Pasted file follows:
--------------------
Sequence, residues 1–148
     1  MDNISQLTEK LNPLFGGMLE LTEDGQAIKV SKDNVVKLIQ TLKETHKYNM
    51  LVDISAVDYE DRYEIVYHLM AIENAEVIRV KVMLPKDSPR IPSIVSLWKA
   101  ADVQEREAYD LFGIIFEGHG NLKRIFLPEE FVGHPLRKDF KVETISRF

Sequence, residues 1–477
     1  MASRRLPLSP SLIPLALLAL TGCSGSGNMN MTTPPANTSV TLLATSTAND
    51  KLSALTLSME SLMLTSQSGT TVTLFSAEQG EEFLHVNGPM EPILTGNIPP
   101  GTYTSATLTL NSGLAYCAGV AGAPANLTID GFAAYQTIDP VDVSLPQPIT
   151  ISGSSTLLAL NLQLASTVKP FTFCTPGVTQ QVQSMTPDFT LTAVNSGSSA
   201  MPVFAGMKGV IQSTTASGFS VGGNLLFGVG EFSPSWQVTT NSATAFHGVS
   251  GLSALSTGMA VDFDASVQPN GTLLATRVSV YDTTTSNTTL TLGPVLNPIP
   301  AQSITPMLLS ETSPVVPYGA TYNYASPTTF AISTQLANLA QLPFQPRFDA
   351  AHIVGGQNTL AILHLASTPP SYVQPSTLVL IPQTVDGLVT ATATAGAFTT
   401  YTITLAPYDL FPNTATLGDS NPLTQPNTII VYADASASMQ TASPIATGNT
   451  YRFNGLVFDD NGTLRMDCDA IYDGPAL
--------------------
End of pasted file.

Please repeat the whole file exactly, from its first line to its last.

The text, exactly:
Sequence, residues 1–148
     1  MDNISQLTEK LNPLFGGMLE LTEDGQAIKV SKDNVVKLIQ TLKETHKYNM
    51  LVDISAVDYE DRYEIVYHLM AIENAEVIRV KVMLPKDSPR IPSIVSLWKA
   101  ADVQEREAYD LFGIIFEGHG NLKRIFLPEE FVGHPLRKDF KVETISRF

Sequence, residues 1–477
     1  MASRRLPLSP SLIPLALLAL TGCSGSGNMN MTTPPANTSV TLLATSTAND
    51  KLSALTLSME SLMLTSQSGT TVTLFSAEQG EEFLHVNGPM EPILTGNIPP
   101  GTYTSATLTL NSGLAYCAGV AGAPANLTID GFAAYQTIDP VDVSLPQPIT
   151  ISGSSTLLAL NLQLASTVKP FTFCTPGVTQ QVQSMTPDFT LTAVNSGSSA
   201  MPVFAGMKGV IQSTTASGFS VGGNLLFGVG EFSPSWQVTT NSATAFHGVS
   251  GLSALSTGMA VDFDASVQPN GTLLATRVSV YDTTTSNTTL TLGPVLNPIP
   301  AQSITPMLLS ETSPVVPYGA TYNYASPTTF AISTQLANLA QLPFQPRFDA
   351  AHIVGGQNTL AILHLASTPP SYVQPSTLVL IPQTVDGLVT ATATAGAFTT
   401  YTITLAPYDL FPNTATLGDS NPLTQPNTII VYADASASMQ TASPIATGNT
   451  YRFNGLVFDD NGTLRMDCDA IYDGPAL